- Oh, and if you're ever donating and you have a cardboard box, please bring your things in a cardboard box. We need them for packing.

- For every troll out there, there's a kind soul who will donate their Yves Saint Laurent blankets and towels for someone that will need it more (there was a surprising amount of branded towels and blankets)

- Parents know best. Quite a few of them brought diaper wipes with the diapers (I was on diaper collection duty on Sunday) because in their words, "they are a set". On Monday, the call for wet tissue went out.

- People do want to help. From the tiny little children (probably not more than four) who were lugging bags of diapers as big as themselves to the student going for a job interview but stopped by to drop off items, people were going out of the way to help. From the bags they handed us, it was clear they weren't just getting rid of unused items in their houses - they were going to convenience stores, supermarkets, etc and buying what was needed just so they could give to those in need. The onion ninjas haunted me that day.

I also managed to talk to people from Kumamoto and Beppu, not to mention I have friends there, and this is what I learnt:

In Kumamoto, there's no water even in areas where the damage is not great. Hence the extremely urgent need for water.

And according to my junior who's home is in the worst hit area, the damage is terrible and no one has earthquake insurance. Luckily, the school is giving out scholarships to help affected students.

As for Beppu, the situation there is pretty dire too, but no one is reporting on it. They aren't even reporting much on Kumamoto city itself. But the girl that came fled from Beppu too, and I know a few people who are now in Tokyo/Fukuoka because Beppu/Oita isn't safe anymore.

Apparently the roads are all cracked, and she had to come to Fukuoka via the back lanes.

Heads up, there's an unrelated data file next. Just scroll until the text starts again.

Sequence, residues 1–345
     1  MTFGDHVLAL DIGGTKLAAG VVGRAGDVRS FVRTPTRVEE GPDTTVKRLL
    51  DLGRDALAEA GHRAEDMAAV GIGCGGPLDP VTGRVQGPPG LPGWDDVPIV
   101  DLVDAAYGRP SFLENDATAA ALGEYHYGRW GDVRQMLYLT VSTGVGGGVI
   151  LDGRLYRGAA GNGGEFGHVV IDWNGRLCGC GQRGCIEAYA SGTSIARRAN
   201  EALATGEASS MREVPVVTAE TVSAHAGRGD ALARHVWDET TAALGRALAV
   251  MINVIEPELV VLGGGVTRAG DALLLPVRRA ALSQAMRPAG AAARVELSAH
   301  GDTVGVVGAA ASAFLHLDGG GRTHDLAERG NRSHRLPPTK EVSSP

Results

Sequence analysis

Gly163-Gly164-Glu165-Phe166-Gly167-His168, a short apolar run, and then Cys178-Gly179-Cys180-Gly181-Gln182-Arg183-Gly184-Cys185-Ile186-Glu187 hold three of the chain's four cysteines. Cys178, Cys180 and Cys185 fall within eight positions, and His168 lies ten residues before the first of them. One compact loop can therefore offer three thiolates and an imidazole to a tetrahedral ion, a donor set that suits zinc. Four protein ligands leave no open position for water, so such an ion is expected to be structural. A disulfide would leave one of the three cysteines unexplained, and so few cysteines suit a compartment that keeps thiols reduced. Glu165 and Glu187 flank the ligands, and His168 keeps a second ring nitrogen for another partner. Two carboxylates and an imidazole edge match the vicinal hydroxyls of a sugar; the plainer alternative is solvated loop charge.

Thankfully, the universities there have some food stored up so they could help the students. And thankfully, things seem to have settled down, and Ritsumeikan APU will resume classes on Monday.

Let's all pray that Kumamoto and Beppu get back on their feet soon!

Saturday, 16 April 2016

Earthquake in Kumamoto

Yesterday (or was it two days ago?) a huge earthquake struck Kumamoto. At the time of the earthquake, I was talking to my cousin and didn't think much about it. I mean, my house rocked, which was a first for Kyushu, but this was fairly common in Tokyo.

Then I went on Twitter and realised how serious it was:

From the Line Live Tweet
Soon after that, messages started coming from friends in the Kanto region and family in Singapore, and then my sleepless night started.

The aftershocks are supposed to continue for a week, and a particularly strong one last night was actually another earthquake! I really, really don't like the aftershocks. There was one that a friend in Nagasaki and I felt AT THE SAME TIME. And the one I felt immediately after waking up today.

Nope, I do not like aftershocks.

alert that came one hour ago
Fukuoka is fairly far from the epicentre, but the shocks can be felt here too. Considering how rarely we have earthquakes here, I think a lot of people are panicking.

Or at least, I'm panicking. If I repeat stuff, yeah, you know why.

My family even asked if I want to go home, though I'm luckily still not in the immediate danger zone, but I do have job hunting events and classes, so even though I want to,  I can't.

Wait, why did I start this post? I know I wanted to write something, but nothing is useful so far. Well, I'm alive and unharmed so far, so yay for that. With any luck, the earthquakes will stop, and we can start rebuilding. I should probably search for ways to help Kumamoto too.

Oh, and my emergency bag is ready.

Thursday, 14 April 2016

Shukatsu Updates + Blockchain Economics Research Lab

I really, really should be posting the last of the sakura pictures of the year (all the sakura around here have fallen), but... I've got something else!

Ok, first up, shukatsu updates. If you remember, I went for the Huis ten Bosch interview exactly a week ago. And guess what? I passed! Somehow.

This means I get to go to the next stage, which is yet another interview. So, I'll be making my way back to Huis ten Bosch next week for that.

I also attended another interview for a venture company at the start of the week, and apparently, I've passed that too! So it's another interview for me next week. Well... next week is going to be really busy.

That's all for the shukatsu stuff. Now, on to the next thing - the Blockchain Economics Research Lab in Tokyo! (Which is also the reason why I missed the first day of school)

The fun actually started in Fukuoka Airport, when I came across this:

If you have me on Google+, you might have seen this because I immediately snapped a picture and then shared it. After a while, they finished and the ceremony started, and because I'm a nosy person, I went up to one of the ANA workers and asked her what it was about.